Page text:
The US has kept large numbers of its population from voting for most of its history. It began with the creation of the Constitution when the right to vote was left out because the founding fathers believed voting to be a privilege for the wealthy and educated. First white male suffrage was granted, then voting age restrictions were lowered, and black men, then women were given protections from voting discrimination.
Voter turnout didn't drop so much as the eligible voter pool became larger after voting reforms, the 15th, and 19th amendments. After the passing of the 15th Amendment, the South reacted with the resurgence of voter suppression laws that would remain for decades.
After 1960 voting turnout decreased due to a myriad of factors including the generational replacement theory; The theory that the civic-minded citizens living through the Great Depression and WWII were replaced by Gen X who hadn't had a unifying social disaster to keep them mindful of their government.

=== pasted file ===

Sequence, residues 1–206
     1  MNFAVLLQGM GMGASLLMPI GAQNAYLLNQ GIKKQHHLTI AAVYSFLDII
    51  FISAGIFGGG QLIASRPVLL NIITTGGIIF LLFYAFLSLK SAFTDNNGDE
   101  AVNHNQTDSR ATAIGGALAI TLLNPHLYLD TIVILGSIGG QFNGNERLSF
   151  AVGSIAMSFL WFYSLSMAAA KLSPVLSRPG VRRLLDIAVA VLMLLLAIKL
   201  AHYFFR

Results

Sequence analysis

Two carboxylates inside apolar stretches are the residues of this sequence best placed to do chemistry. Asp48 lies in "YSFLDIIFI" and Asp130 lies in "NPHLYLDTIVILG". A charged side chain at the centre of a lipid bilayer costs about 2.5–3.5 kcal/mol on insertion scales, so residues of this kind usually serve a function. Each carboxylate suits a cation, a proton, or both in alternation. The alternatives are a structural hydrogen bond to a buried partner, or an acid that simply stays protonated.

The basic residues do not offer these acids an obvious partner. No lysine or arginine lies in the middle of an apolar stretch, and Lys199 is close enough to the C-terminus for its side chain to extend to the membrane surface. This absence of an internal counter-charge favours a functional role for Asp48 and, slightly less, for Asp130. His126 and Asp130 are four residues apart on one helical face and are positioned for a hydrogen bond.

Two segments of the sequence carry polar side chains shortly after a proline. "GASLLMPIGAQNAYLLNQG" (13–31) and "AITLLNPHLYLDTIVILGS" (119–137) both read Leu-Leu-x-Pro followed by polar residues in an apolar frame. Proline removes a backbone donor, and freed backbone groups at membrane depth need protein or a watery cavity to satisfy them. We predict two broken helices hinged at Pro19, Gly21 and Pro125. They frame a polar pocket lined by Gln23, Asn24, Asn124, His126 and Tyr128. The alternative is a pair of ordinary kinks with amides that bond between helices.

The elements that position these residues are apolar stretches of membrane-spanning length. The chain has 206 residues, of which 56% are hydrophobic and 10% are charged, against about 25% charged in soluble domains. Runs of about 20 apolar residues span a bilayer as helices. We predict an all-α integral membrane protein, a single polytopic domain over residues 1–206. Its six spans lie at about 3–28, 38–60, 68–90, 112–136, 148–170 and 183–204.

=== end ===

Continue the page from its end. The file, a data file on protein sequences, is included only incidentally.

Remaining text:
Political races have become less competitive over time which hurts participation. As money has played a larger and larger role in campaigns, the process has become less democratic, disillusioning many Americans in the early 21st century. In 2002 98 percent of incumbent House members were reelected, most with little or no competition. By comparison, the US House races are less competitive, by a large margin, than any other democratic legislature in the world. The 2002 election revealed that the trend of uncontested elections which suffice to say discourages citizens from voting at all.
States are in charge of running their own elections and there is a strong party incentive to controlling the voter pool. Many states still use poll tests, voter purges, and gerrymandering to control the electorate.
A brief explanation of some of the more significant reasons for the decline in voter turnout. For more about the decline of voting in the US, read The Vanishing Voter: Why Are the Voting Booths So Empty?
by THOMAS PATTERSON